Unbeknownst to many consumers, the country’s most advanced consumer privacy act just went into effect on January 1, 2020. The California Consumer Privacy Act (CCPA) outlines some of the strongest protections for individual consumers and the companies they choose to do business with. However, some early reporting shows that a lot of people are still not aware of the new legislation.
CCPA provides new protections in the event of a data breach, new tools for consumers to find out exactly what information a company has collected and sold or shared and more. Under the CCPA, consumers also have the right to delete some personal information and opt-in for children. In the CCPA personal information is defined as information that identifies, relates to, describes, is capable of being associated with, or could reasonably be linked, directly or indirectly, with a particular consumer or household. Personal information under the CCPA does not include publicly available information.
Companies doing business in California — whether they are located there or not, or simply have customers or users who reside in the state — must provide more than just the proof of information they have collected. If an individual consumer does not want their information sold to third parties, the CCPA states they have the right to opt-out and the companies must comply. Failure to comply could result in significant fines, penalties and damage awards of up to $7,500 per consumer.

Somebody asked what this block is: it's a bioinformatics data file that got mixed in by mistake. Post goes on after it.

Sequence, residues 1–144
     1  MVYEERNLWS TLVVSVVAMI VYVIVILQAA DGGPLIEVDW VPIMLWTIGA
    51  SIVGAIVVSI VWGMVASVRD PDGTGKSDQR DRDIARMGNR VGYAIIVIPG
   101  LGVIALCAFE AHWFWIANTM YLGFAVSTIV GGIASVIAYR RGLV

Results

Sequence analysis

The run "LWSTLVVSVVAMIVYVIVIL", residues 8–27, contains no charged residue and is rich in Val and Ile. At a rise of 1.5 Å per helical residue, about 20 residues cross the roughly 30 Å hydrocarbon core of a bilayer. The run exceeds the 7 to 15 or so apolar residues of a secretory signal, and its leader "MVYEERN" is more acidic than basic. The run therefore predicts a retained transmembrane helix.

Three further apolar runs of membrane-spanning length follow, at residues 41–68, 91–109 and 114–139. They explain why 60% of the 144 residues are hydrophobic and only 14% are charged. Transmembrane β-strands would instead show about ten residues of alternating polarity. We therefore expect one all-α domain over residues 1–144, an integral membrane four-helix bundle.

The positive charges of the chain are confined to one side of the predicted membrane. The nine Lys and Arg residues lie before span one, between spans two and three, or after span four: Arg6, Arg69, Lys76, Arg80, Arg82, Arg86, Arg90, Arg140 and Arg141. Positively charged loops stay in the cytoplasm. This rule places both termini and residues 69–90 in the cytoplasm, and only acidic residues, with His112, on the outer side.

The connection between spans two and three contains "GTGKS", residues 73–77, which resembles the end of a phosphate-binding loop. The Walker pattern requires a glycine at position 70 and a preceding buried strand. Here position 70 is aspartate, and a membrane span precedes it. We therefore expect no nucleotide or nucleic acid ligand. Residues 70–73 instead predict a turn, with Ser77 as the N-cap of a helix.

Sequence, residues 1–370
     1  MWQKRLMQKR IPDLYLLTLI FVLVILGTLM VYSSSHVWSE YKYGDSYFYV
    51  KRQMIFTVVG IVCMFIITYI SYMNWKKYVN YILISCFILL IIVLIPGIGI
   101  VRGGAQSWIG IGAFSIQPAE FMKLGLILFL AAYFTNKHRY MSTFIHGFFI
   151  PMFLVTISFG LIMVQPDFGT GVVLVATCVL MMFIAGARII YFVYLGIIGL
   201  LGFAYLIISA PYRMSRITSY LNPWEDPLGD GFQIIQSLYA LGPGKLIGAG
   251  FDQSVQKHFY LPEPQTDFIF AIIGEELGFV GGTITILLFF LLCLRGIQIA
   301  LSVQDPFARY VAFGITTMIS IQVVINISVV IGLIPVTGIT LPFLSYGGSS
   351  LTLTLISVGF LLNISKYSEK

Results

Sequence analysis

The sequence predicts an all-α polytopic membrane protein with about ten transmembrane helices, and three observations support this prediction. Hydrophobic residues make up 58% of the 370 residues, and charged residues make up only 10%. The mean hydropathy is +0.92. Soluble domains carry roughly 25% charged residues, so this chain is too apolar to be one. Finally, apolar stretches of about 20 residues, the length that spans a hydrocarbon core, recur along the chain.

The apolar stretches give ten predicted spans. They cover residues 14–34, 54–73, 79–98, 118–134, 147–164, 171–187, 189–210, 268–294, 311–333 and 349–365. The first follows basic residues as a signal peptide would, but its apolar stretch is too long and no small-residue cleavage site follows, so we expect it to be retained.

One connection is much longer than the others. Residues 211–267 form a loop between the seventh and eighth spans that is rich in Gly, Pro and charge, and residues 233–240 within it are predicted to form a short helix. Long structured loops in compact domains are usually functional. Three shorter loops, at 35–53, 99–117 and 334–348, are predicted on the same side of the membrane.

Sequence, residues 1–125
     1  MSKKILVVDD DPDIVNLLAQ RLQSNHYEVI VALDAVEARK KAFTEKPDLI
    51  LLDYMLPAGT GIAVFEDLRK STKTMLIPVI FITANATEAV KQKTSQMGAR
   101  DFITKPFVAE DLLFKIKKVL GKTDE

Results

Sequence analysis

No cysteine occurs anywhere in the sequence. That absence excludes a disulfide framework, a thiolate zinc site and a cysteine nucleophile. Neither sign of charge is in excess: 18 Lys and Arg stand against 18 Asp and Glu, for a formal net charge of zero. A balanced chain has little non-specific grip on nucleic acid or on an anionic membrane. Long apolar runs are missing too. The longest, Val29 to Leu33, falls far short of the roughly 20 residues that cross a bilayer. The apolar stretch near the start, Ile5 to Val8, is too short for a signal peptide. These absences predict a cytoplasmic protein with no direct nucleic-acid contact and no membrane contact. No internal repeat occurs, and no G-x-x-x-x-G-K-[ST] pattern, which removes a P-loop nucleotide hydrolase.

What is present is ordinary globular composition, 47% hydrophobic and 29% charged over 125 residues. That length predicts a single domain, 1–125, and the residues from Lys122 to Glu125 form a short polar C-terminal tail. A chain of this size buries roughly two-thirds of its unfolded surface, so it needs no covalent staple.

That has been a sticking point for a number of businesses, though.
There are questions about how businesses will comply with the do not sell requirements. Some companies are claiming that if they “share” their users’ data with an outside company, they are in compliance. The supporters of the CCPA have said selling or sharing is the same thing, though companies like Facebook, CVS, Indeed and others argue their methods of providing users’ information to outsiders does not violate the CCPA.
Some of the other responsibilities of businesses include a child opt-in requirement, a website notice requirement, a duty to educate, vendor agreements, third-party transfers and cybersecurity protections to prevent a data breach. In the event of a data breach, consumers can now sue to recover up to $750 in costs per data breach. For more information about consumer rights in the event of a data breach or other CCPA rights, click here.
Though the California Consumer Privacy Act went into effect on January 1, businesses have until July 1 to comply before enforcement—and presumably, punitive action—begins. It will be interesting to see both how this plays out for businesses that make a lot of money by selling their customers’ information, and how many other states follow suit with legislation of their own.
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This news is currently evolving and we will update as announcements are made available.
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